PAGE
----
5. The company in its general meeting, where a resolution of voluntary winding up is passed, shall appoint a Company Liquidator from the panel prepared by the Central Government for the purpose of winding up its affairs and distributing the assets of the company and recommend the fee to be paid to the Company Liquidator, as per Section 310 of the Act[7].

6. The company shall give notice to the Registrar of the appointment of a Company Liquidator along with the name and particulars of the Company Liquidator, of every vacancy occurring in the office of Company Liquidator, and of the name of the Company Liquidator appointed to fill every such vacancy within ten days of such appointment or the occurrence of such vacancy[8].

7. The Company Liquidator shall report quarterly on the progress of winding up of the company in such form and in such manner as may be prescribed to the members and creditors and shall also call a meeting of the members and the creditors as and when necessary but at least one meeting each of creditors and members in every quarter and apprise them of the progress of the winding up of the company in such form and in such manner as may be prescribed. The failure of Company liquidator in complying with the above, then, he shall be punishable, in respect of each such failure, with fine which may extend to ten lakh rupees.

8. Then, a Final meeting is organised where the Company Liquidator shall prepare a report of the winding up showing that the property and assets of the company have been disposed of and its debt fully discharged or discharged to the satisfaction of the creditors and thereafter call a general meeting of the company for the purpose of laying the final winding up accounts before it and giving any explanation therefor[9].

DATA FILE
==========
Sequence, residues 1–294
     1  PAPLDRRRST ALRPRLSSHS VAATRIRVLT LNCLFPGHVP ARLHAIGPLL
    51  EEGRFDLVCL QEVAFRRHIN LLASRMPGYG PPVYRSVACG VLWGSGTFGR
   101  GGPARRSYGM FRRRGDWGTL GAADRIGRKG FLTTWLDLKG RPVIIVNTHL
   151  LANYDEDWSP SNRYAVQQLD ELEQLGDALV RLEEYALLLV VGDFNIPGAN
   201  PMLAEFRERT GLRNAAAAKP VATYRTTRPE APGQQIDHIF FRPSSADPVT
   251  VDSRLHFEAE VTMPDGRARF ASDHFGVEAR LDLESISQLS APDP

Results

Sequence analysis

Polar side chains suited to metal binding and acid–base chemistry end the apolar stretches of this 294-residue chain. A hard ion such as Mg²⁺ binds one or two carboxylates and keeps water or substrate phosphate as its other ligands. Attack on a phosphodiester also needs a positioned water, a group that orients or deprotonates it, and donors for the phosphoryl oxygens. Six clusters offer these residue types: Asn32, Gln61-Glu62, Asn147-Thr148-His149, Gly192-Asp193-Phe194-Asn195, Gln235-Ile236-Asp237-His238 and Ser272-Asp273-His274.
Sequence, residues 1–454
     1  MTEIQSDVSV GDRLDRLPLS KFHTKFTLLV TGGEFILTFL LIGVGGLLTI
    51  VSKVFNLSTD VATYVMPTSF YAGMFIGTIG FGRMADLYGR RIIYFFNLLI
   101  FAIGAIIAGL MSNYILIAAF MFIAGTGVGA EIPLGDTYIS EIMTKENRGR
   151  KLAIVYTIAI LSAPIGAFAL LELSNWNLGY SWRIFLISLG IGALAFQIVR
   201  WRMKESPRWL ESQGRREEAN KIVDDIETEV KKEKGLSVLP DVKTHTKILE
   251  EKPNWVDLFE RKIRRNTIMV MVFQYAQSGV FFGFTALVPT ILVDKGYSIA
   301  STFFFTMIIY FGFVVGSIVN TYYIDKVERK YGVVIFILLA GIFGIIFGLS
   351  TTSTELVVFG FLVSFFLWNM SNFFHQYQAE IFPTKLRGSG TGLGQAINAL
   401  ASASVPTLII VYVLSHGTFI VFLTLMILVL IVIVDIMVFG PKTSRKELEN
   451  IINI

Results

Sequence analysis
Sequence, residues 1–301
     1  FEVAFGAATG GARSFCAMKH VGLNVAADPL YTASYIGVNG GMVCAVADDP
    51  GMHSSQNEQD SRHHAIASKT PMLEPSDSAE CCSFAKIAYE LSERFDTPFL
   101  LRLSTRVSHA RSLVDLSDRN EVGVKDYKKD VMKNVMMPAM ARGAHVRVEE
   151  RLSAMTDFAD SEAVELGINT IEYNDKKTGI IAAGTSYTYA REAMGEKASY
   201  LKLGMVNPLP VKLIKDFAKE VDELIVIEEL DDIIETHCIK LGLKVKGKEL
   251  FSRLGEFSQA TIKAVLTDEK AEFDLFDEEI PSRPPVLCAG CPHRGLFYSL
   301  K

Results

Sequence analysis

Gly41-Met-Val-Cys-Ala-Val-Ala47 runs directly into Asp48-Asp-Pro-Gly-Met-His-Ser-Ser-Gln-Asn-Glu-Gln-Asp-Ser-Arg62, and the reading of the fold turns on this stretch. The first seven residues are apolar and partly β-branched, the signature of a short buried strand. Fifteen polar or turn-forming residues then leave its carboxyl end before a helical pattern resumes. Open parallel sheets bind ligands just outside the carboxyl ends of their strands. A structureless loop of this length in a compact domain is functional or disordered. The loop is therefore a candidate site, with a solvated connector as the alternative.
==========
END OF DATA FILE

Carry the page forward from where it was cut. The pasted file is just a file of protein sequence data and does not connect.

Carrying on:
9. According to section 318 (4) of the Act, it explains that, Within two weeks after the meeting, the Company Liquidator shall— (a) send to the Registrar— (i) a copy of the final winding up accounts of the company and shall make a return in respect of each meeting and of the date thereof; and (ii) copies of the resolutions passed in the meetings; and (b) file an application along with his report under sub-section (1) in such manner as may be prescribed along with the books and papers of the company relating to the winding up, before the Tribunal for passing an order of dissolution of the company[10].

This is how a Company is voluntarily wound up.


The above winding up procedures is very clear, according to the mind of the Draftsmen, that no person, is put in the position of loss and the winding up is seen as a profit gaining procedure to all the members and shareholders of the Company.

[1]  (3rd Edition 1969) 647.

[2] AIR 1969 SC 843.

[3] S. 304 (a) of the Companies Act 2013.

[4] S. 304(b) of the Companies Act, 2013.

[5] S. 305(2) (a) of the Companies Act, 2013.

[6] S. 305(1) of the Companies Act, 2013.

[7] Companies Act, 2013.

[8] S. 312(1) of the Companies Act, 2013.

[9] S. 318 of the Companies Act, 2013.

[10] Companies Act, 2013.

This Article is Authored by Subha Mohan Selva Sankar, 5th Year B.A.LL.B. (Hons.) Student at VELS Institute of Science, Technology and Advanced Studies, Chennai.